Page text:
Open for Whom? An Overview of Data.Gov File Formats

14 Pages Posted: 28 Apr 2016

See all articles by Anne L. Washington

Anne L. Washington

NYU Steinhardt

David Morar

Elliott School of International Affairs

Date Written: April 2016


Public sector organizations have made considerable investments in data catalogs yet we have few tools to evaluate open government data implementations. While counting the increasing number of available files is one evaluative approach, we argue that quantifying file formats may best anticipate future activity. This study suggests that file formats serve as a proxy for user ability and provide insight into how government organizations imagine their data audience. The file formats available in the US federal data catalog, contained primarily PDF and HTML formats, followed by complex geo-spatial, linked, and XML semi-structured formats. These formats reveal that government organizations try to satisfy both the average user, with simple accessible formats, and the sophisticated data consumer, with structured machine-readable formats. The file formats available in the federal data catalog inform the English literate public more than the data literate who want machine-readable information. The findings raise questions about who is the audience for open government data. A broader conversation is needed about the goals of the next iteration of open data policy.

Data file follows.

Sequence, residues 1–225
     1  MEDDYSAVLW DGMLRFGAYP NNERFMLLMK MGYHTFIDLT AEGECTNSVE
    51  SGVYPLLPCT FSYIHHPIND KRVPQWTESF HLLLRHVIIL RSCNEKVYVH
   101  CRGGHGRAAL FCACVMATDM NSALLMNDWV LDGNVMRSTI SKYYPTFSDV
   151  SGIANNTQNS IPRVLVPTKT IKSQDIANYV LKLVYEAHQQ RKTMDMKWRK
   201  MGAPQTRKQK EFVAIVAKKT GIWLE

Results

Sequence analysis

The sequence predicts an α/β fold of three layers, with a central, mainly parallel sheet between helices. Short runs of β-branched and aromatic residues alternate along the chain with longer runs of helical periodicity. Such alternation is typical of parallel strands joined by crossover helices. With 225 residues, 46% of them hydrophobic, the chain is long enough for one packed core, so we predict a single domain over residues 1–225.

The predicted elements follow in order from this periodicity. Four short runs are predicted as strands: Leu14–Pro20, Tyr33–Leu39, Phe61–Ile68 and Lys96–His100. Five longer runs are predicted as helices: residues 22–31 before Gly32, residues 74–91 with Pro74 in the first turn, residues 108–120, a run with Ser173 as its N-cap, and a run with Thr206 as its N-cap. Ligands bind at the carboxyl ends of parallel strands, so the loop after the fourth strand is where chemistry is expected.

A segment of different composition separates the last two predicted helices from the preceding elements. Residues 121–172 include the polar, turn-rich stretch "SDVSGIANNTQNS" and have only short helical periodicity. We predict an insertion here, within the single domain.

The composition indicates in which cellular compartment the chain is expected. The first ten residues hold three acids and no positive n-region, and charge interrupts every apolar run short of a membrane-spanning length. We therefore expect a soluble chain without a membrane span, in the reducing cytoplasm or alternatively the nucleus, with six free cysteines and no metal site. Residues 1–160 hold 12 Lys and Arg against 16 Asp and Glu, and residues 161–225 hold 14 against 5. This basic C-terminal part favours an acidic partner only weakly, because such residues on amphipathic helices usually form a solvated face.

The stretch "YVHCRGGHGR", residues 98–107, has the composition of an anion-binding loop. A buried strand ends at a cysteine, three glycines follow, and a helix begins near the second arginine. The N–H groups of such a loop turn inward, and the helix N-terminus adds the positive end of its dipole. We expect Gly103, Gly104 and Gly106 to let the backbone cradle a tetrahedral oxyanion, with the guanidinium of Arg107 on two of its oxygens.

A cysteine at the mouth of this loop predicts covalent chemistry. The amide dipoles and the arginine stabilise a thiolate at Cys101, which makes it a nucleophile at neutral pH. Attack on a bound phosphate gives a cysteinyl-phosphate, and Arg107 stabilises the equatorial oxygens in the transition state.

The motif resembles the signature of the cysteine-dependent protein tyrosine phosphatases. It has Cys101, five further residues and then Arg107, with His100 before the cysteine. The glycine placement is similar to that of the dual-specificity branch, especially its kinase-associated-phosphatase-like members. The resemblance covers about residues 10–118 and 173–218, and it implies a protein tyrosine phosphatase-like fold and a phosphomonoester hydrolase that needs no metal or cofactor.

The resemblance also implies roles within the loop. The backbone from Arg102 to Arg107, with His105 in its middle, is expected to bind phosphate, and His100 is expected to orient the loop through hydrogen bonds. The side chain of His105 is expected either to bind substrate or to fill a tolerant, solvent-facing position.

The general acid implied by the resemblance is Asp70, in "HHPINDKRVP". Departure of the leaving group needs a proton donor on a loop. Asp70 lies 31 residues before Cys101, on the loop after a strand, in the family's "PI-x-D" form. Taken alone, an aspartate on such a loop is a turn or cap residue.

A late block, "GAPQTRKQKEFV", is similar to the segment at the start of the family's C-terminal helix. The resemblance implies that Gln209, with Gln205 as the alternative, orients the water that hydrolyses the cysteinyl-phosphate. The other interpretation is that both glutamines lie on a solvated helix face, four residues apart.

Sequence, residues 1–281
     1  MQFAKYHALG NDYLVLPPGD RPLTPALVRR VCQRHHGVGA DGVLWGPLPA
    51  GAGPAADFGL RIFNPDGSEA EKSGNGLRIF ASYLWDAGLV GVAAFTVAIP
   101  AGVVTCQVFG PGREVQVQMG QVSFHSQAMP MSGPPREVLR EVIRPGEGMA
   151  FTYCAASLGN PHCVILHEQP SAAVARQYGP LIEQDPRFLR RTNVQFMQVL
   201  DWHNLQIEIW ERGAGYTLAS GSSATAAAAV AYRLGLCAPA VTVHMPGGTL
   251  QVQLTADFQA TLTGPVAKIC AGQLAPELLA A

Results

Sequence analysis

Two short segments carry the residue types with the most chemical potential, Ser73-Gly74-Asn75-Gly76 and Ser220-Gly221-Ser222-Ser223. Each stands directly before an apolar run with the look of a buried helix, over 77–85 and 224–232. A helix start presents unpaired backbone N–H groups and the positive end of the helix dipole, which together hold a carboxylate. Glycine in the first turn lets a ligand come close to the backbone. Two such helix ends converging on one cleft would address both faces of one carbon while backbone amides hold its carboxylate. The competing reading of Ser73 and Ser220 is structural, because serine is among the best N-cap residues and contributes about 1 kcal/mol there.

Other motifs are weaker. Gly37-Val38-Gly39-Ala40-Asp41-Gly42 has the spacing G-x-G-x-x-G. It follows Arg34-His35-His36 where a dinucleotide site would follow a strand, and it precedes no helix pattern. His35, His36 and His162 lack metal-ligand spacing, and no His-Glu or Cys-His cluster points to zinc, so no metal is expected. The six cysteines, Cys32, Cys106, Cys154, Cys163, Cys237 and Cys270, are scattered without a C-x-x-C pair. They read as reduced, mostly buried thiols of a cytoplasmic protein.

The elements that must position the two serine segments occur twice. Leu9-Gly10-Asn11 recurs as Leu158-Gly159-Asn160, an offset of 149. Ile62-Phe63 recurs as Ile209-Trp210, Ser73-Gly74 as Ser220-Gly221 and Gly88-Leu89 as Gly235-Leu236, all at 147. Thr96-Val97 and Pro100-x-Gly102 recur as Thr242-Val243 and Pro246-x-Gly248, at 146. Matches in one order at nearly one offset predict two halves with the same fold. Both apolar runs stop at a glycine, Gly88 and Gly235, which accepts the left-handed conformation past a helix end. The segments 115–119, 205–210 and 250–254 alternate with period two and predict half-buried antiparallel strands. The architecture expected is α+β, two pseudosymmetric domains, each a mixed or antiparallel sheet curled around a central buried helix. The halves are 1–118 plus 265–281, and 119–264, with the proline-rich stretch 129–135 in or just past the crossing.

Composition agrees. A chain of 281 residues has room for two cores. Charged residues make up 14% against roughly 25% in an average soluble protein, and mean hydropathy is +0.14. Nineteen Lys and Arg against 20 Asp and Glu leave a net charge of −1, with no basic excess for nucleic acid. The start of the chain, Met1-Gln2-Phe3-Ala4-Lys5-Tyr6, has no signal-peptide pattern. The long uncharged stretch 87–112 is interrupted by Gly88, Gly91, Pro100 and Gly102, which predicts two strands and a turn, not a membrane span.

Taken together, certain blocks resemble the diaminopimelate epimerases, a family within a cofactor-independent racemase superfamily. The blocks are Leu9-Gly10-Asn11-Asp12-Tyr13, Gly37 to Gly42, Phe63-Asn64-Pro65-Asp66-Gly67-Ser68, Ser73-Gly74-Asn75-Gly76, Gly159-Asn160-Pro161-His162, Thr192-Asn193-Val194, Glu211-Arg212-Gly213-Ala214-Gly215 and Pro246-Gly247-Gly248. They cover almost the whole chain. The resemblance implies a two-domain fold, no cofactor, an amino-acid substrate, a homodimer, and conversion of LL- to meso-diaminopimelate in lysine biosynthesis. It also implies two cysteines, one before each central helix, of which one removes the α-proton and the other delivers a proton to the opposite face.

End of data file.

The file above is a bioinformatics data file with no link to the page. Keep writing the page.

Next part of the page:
Keywords:, access, file format, standards, open data, information policy

Suggested Citation

Washington, Anne and Morar, David, Open for Whom? An Overview of Data.Gov File Formats (April 2016). Available at SSRN: or

Anne Washington (Contact Author)

NYU Steinhardt ( email )

New York University
Steinhardt School
New York, NY 10003-711
United States

David Morar

Elliott School of International Affairs ( email )

2201 G Street, N.W.
Washington, DC 20052
United States

Do you have a job opening that you would like to promote on SSRN?

Paper statistics

Abstract Views
PlumX Metrics